A key step in R-SCAN is identifying patient cases where imaging was inappropriately ordered so that specific education or feedback can be provided to physicians. “This turned out to be labor intensive because we have to do manual chart extraction,” Nicola says. “Sorting by ICD-10 code is not good enough. We had to have a clinician read the clinical note to find out what the indication for the study was.”

To automate the process, Hackensack Radiology Group is asking emergency department physicians to use standard terms in their reports, such as “minor head trauma, no risk factors,” Nicola says. “By using a lexicon, we will be able to have the computer mine those reports and determine if the imaging ordered was appropriate.”

In addition, radiologists are working with hospital IT staff to build a homegrown CDS tool in the EHR to query physicians when they order imaging deemed inappropriate by Choosing Wisely, Nicola explains. “For example, before they can place an order for a head CT, the EHR lists questions: ‘Did the patient have minor head trauma?’ ‘Is he or she on anticoagulation therapy?’ Then the CDS-EHR tool would warn the ordering provider that, ‘The Choosing Wisely campaign says this patient does not need head CT. Do you still want a head CT?’”

Using CDS to guide orders is becoming a priority for radiologists looking to comply with a Medicare requirement that ties payment for advanced imaging (such as CT, MRI and PET scans) to the use of Medicare-recognized CDS tools that incorporate appropriate use criteria. The requirement, which this summer was delayed until January 2019, only applies to outpatient imaging studies.

The UVA Health System is all set to comply with this Medicare rule. The Charlottesville-based system uses a CDS system that incorporates appropriate use criteria from the American College of Radiology and other medical societies.

The UVA Health System is working with its CDS vendor to proactively address preauthorization requests from commercial insurers, beginning with a pilot project with Aetna. When providers order a head CT, for example, they are prompted to choose the reason for the study, such as “severe headache.” Then, the CDS system issues an appropriateness score from 1 to 9, with the numeric scores ranging in meaning from “low utility” to “indicated.” The system also lists alternative imaging for the same clinical scenario with appropriateness scores, relative cost and relative radiation dose.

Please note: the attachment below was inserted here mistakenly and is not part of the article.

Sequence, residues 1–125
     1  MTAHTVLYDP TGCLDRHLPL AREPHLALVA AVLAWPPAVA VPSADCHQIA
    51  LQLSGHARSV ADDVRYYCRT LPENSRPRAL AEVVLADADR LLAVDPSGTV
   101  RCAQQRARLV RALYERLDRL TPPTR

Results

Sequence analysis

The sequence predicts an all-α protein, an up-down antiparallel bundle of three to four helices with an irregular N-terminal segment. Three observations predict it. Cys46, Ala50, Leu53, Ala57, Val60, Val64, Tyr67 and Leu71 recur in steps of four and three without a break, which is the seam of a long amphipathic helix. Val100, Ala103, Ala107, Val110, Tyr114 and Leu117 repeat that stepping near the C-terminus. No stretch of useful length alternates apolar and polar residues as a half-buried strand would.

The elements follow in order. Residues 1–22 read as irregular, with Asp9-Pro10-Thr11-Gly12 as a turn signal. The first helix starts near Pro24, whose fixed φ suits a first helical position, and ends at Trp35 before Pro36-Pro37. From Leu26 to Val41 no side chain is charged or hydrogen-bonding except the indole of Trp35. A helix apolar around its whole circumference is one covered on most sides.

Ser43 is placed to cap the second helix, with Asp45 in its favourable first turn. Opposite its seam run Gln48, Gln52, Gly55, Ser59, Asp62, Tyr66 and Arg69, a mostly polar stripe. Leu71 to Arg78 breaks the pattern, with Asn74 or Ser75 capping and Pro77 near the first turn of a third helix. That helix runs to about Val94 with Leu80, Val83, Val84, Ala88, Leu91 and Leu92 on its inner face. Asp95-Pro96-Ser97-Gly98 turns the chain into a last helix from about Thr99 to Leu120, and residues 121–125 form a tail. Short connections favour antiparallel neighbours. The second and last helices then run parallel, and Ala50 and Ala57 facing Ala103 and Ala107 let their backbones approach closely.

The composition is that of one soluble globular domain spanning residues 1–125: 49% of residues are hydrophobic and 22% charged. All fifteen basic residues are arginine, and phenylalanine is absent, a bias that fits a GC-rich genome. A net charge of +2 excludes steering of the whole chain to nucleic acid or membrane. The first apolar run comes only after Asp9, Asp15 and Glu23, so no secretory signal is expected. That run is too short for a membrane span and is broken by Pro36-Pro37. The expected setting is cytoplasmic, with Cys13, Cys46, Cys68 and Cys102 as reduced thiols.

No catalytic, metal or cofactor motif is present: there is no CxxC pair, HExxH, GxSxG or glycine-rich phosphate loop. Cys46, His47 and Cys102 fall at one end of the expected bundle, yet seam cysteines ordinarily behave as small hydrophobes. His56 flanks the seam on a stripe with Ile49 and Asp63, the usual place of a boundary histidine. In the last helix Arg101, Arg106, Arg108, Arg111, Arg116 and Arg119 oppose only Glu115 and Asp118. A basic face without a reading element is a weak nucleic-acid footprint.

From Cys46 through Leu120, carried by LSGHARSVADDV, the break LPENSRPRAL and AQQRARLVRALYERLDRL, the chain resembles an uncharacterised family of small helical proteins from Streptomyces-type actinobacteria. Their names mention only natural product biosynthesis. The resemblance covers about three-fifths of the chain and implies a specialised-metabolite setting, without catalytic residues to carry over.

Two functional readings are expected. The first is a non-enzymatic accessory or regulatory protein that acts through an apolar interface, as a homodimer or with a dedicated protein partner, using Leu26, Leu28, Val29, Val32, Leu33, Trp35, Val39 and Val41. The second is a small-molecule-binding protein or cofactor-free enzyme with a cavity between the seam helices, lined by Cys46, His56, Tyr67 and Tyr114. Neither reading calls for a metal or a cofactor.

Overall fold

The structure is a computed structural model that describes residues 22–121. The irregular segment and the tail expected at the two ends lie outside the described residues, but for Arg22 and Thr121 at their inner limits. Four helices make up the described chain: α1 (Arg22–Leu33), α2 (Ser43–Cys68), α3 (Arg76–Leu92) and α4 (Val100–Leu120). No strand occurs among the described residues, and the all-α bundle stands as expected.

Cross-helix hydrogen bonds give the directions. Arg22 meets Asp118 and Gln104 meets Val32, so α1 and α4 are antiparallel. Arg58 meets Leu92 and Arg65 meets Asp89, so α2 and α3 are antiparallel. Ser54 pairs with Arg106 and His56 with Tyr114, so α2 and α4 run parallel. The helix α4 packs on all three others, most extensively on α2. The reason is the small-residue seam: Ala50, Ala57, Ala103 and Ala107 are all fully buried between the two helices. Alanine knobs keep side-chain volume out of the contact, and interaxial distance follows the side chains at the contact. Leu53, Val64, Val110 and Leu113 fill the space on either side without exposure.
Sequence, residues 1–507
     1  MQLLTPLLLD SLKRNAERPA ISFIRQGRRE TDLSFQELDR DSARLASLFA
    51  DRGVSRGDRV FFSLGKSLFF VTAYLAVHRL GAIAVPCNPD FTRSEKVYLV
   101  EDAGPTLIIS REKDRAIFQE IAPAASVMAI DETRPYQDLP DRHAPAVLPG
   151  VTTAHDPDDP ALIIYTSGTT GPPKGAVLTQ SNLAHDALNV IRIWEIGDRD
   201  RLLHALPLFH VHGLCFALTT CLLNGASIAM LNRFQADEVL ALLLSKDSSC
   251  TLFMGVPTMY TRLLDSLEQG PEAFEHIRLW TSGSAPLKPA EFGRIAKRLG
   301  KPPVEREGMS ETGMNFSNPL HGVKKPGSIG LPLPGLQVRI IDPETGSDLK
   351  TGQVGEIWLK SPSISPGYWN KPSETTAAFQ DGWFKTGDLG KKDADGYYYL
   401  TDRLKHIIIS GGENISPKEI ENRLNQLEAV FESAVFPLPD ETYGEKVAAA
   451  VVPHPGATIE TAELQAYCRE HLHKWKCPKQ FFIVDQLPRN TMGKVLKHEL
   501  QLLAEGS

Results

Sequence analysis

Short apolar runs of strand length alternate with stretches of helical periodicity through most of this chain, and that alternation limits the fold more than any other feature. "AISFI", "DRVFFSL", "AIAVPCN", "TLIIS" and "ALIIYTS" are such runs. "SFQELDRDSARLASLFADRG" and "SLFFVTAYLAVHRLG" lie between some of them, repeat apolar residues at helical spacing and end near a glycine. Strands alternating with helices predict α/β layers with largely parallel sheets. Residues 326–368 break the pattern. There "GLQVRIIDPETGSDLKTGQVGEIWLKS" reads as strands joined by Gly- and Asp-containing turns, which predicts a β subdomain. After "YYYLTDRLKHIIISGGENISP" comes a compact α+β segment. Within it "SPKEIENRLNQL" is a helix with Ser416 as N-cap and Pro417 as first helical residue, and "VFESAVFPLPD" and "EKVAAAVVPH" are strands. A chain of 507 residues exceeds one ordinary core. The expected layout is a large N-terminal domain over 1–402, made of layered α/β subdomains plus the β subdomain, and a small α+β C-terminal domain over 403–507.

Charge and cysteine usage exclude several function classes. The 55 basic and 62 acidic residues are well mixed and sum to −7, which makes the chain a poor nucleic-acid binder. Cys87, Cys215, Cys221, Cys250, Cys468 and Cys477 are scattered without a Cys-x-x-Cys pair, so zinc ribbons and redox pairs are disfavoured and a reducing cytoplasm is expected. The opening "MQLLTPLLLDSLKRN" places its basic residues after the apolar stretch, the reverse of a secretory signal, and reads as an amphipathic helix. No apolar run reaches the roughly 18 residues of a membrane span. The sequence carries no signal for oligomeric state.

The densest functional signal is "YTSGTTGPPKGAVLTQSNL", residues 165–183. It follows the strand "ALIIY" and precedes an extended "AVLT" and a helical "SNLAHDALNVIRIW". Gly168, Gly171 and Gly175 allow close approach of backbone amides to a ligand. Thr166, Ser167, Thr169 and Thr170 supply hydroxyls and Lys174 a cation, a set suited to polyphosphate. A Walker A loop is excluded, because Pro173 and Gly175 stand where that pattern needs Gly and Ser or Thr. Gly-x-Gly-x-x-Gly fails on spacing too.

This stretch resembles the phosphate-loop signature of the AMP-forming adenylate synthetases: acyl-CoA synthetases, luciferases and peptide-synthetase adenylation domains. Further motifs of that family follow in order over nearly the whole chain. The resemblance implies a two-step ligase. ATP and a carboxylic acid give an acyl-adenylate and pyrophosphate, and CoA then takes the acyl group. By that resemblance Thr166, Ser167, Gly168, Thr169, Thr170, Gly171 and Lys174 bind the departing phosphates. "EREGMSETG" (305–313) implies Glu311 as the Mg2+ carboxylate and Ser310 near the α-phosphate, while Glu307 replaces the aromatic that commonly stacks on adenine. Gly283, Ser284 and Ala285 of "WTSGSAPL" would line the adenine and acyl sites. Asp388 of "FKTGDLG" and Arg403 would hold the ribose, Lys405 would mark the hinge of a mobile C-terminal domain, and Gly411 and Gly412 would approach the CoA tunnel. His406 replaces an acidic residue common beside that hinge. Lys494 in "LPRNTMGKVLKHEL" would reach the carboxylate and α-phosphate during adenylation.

“The providers know in an instant if their orders are appropriate or not and can see scores for other exams that could be ordered instead,” says Gaskin.

For the Aetna pilot, imaging orders for Aetna members that receive good appropriate scores can be performed right away, eliminating the delay and often-tedious manual steps involved in seeking a preauthorization.

Better use of information technology also can help radiology departments meet rising demand for improved efficiency throughout an organization.

Prioritizing scans

For example, when patients arrive at MD Anderson for initial consultations or post-treatment follow-up visits, they often require new imaging studies performed before they meet with their physicians. To improve value for patients, MD Anderson has put electronic processes in place to help coordinate the imaging schedule—both the scan appointment and the radiologist’s interpretation—to coincide with the patient’s doctor appointments.

“We want to minimize the amount of downtime for the patient, meaning that patients get the appropriate imaging performed in the appropriate sequence, see their physician, and get their care plan arranged in a short period of time rather than having to stay in Houston for several days,” McEnery says.

Prior to the visit, computer-based algorithms screen each patient’s schedule to identify imaging that isn’t optimally scheduled or inappropriate. The algorithms also check for redundant imaging, such as scans being repeated too soon or orders for similar imaging tests by different physicians. When issues are identified, the algorithm alerts scheduling staff, who work to resolve the issues. “It allows our scheduling coordinators to focus on those patients where the schedule needs to be optimized,” says McEnery.

Another key goal is to ensure the radiologist’s report is completed before scheduled physician appointments so the physician and patient can discuss next steps. Radiologists access a work list via the EHR that automatically prioritizes which scans should be read first, based on the time of the patient’s appointment.

Radiologists at UVA Health System have improved turnaround times—between 23 and 70 percent for particularly time-sensitive scans—thanks to a home-grown priority reading system.